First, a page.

Washington College Creates ‘Anti-Racism’ Center For Nursing Students

Nursing students and faculty must recognize their privilege and how it disadvantages others.
Students at the University of Washington are on campus for the last day of in-person classes on March 6, 2020 in Seattle, Washington. The University will close starting Monday, March 9, as a precautionary reaction to the novel coronavirus, COVID-19, outbreak for the remainder of the winter quarter.
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The University of Washington created a “Center for Anti-Racism in Nursing” alongside a pledge for nursing students to commit to advancing “anti-racist” policies. 

According to a review by The College Fix, the university’s new anti-racism center was created to “cultivate anti-racist teaching practices, academic curriculum, and professional development.” Other goals include “applying anti-racist principles to clinical practice, organizational operations, and health-related policy.”

In a press release, the university said the center was imperative to address systemic racism and address the racial disparities of the coronavirus. 

“Systemic racism has for generations undermined the health of individuals and communities across America, a public health crisis that has made the pandemic even more deadly and destructive for people of color,” the university said. 

In the same press release, the executive dean of the nursing school said, “the need to end racism is long overdue and nurses must do their part.” 

A University of Washington alumni and nurse practitioner for “Catholic Health Initiatives” said that she thinks the anti-racism center will help reconcile past injustices.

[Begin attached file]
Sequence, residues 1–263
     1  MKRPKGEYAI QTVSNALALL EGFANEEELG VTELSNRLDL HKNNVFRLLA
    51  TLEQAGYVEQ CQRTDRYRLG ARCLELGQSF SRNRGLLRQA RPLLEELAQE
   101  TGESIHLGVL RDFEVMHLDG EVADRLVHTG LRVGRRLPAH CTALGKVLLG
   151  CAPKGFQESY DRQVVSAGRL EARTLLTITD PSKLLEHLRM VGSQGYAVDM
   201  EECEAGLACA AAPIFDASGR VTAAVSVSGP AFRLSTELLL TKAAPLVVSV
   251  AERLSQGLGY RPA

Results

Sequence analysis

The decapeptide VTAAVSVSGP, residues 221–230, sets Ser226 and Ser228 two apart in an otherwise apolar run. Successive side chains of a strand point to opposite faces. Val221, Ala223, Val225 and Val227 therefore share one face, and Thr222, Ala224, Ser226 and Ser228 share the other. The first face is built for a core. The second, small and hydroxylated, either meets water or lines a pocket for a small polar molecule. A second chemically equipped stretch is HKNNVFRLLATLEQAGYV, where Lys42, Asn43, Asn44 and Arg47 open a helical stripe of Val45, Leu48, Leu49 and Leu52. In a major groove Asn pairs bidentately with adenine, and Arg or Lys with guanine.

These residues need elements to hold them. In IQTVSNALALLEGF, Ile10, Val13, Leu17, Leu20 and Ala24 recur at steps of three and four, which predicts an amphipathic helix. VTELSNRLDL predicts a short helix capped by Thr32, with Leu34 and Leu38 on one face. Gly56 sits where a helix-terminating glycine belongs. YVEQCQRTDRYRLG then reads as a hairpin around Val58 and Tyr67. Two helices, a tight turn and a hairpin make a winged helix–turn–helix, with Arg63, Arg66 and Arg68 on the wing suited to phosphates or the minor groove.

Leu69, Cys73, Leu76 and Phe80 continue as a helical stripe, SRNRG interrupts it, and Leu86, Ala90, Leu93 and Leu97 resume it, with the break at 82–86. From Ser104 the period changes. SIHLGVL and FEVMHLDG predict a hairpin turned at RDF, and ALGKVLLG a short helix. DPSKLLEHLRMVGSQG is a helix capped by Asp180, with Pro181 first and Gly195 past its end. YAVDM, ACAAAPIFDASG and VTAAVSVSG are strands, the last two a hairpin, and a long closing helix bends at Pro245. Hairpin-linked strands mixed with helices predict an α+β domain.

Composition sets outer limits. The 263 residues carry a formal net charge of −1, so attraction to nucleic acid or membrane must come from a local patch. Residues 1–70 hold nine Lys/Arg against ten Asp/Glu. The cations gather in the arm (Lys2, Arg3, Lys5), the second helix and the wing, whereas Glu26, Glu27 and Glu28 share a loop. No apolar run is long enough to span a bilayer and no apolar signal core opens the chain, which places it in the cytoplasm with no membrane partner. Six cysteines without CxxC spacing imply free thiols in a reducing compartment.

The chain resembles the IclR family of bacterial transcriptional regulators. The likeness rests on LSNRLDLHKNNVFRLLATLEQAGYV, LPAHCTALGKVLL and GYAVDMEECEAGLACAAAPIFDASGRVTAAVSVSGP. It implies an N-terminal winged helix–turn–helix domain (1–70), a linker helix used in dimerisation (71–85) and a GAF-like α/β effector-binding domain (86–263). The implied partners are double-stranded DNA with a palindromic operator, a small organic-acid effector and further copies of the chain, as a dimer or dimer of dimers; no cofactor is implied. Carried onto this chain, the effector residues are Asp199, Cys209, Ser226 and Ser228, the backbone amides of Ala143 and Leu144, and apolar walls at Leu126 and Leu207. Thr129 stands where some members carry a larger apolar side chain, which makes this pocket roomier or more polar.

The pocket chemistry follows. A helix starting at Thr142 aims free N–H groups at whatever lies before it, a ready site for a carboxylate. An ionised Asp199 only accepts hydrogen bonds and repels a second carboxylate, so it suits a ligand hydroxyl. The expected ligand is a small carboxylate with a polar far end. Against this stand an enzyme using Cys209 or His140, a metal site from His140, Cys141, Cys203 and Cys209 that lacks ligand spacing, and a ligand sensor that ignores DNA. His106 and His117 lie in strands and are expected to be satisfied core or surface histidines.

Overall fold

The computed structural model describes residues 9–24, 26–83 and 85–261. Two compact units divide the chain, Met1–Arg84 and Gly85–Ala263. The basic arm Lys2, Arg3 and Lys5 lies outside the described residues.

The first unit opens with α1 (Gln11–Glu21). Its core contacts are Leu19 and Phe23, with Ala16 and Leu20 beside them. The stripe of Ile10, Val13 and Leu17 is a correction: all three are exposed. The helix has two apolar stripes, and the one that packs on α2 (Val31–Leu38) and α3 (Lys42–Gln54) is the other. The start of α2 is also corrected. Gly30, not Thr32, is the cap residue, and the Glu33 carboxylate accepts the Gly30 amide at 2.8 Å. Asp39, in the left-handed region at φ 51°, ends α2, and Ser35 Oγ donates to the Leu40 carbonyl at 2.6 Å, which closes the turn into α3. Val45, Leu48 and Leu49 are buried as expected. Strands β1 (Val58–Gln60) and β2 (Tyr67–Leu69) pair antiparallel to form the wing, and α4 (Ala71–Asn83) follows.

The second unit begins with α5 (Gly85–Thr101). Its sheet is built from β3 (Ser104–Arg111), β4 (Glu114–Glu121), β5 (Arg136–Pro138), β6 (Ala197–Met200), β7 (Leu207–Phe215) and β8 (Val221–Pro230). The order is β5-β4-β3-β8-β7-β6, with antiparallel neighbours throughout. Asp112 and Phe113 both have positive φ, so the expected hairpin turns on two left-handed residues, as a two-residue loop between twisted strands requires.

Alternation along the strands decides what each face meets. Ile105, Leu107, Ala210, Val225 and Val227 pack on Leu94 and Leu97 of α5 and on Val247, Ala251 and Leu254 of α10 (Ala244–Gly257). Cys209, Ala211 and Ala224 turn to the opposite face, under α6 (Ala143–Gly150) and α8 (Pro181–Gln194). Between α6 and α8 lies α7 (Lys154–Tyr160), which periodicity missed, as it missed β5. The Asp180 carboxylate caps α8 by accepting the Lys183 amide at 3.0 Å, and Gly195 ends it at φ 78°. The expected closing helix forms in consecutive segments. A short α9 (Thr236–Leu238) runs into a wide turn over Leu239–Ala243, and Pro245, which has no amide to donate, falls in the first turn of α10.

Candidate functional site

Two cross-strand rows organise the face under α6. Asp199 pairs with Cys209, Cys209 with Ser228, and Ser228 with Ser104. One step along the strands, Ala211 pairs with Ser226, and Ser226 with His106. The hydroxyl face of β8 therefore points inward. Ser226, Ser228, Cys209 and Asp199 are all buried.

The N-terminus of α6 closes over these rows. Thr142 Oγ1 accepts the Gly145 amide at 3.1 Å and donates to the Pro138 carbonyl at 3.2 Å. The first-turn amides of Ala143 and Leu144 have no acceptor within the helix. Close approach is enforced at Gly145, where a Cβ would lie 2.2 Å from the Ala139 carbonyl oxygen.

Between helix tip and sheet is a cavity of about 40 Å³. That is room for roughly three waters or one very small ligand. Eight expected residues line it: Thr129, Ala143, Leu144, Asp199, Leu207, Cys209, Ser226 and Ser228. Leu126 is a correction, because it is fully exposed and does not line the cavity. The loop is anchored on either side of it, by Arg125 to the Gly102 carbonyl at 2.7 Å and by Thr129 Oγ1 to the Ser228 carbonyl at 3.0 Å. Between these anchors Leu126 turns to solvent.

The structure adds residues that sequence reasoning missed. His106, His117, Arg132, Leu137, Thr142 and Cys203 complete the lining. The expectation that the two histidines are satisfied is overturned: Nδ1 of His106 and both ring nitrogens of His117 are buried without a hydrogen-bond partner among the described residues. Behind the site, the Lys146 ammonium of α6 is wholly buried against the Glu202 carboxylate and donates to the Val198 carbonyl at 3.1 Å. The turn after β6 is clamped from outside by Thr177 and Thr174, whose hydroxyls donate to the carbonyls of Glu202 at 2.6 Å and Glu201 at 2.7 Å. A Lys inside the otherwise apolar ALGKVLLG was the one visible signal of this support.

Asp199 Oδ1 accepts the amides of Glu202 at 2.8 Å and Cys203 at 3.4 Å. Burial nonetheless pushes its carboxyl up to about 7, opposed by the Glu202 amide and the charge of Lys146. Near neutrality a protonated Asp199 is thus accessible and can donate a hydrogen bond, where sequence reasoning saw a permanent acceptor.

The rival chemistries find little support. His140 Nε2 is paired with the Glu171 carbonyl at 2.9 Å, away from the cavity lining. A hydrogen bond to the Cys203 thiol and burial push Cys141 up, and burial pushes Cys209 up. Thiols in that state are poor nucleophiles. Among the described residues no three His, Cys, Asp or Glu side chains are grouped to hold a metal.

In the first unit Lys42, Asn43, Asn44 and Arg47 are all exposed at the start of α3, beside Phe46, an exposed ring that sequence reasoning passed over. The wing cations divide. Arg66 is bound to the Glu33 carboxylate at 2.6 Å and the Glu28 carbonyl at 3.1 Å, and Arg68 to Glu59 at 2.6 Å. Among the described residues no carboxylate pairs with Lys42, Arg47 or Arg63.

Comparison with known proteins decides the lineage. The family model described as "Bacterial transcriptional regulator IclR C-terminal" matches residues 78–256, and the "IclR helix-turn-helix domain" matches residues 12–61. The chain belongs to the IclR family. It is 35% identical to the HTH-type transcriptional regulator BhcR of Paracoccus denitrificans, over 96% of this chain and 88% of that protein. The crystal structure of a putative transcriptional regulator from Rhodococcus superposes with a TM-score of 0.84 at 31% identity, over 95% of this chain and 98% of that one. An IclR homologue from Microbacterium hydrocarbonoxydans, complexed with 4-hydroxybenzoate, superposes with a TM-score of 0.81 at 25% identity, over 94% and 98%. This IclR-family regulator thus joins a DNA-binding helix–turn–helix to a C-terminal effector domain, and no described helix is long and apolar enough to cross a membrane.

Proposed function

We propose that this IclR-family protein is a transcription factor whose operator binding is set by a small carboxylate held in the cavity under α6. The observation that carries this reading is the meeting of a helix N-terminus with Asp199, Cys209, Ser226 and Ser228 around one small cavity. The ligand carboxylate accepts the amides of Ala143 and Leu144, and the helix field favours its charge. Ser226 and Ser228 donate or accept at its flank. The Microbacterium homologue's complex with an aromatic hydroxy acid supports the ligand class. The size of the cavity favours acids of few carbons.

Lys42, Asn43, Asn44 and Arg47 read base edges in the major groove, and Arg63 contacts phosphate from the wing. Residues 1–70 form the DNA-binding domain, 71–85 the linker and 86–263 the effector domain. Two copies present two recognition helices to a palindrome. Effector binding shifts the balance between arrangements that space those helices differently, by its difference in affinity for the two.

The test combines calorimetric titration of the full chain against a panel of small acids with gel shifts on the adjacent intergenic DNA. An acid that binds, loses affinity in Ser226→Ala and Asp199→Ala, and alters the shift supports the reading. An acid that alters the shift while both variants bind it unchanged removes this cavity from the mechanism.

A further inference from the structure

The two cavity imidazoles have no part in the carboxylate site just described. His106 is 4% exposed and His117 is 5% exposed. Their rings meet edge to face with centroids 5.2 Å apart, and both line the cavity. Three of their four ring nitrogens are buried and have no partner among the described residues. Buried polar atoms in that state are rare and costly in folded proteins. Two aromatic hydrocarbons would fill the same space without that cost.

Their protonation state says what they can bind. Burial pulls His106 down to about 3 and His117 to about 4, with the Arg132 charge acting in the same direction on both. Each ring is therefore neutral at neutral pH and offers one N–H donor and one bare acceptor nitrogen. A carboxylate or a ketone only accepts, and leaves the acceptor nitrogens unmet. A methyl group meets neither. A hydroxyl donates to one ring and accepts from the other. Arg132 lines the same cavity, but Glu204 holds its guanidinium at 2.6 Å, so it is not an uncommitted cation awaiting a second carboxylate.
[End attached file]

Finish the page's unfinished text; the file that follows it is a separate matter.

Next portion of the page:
“I believe the process of creating the Center for Anti-Racism in Nursing will provide a way for the school to reconcile and find resolve within its own walls that have promoted anti-blackness and white privilege,” the nurse practitioner said. “The Center will represent the first and essential steps in equity and cultivate social justice for all.”

The nursing center also created an anti-racism pledge. The official wording of the pledge is still under consideration by the university and has been removed from the school’s website. The College Fix uncovered a cached version of the webpage.  

The pledge calls on nursing students, faculty, staff, alumni, and community members to “recognize the devastating impact of systemic racism on health and well-being for Black, Indigenous, and other People and Communities of Color.” 

It also claims that the university and nursing profession at large is at fault for advancing “racist policies and practices.” 

“Our educational systems, including our school and university, and the nursing profession have advanced racist policies and practices that have harmed and excluded BIPOC individuals and communities,” the pledge reads. 

Nursing students and faculty are also called to recognize their privilege and how it disadvantages others. Nurses must become knowledgeable about anti-racism and vow to “disrupt” in order to “transform systems of inequity and oppression.”

Additionally, the nursing community was asked to “work to destabilize, revolutionize, and transform the oppressive systems that shape all aspects of our learning, our scholarship, and our workspaces.” 

“I believe in the critical importance of a just, inclusive, and equitable society, in which its educational and health systems reflect anti-racist values,” the pledge concludes. 

Other universities have taken steps towards cultivating “anti-racism” in their nursing schools. The University of Minnesota created a list of Black Lives Matter and anti-racism resources specifically for nursing students. The University of Virginia created an anti-racism workgroup for nursing students as well. 

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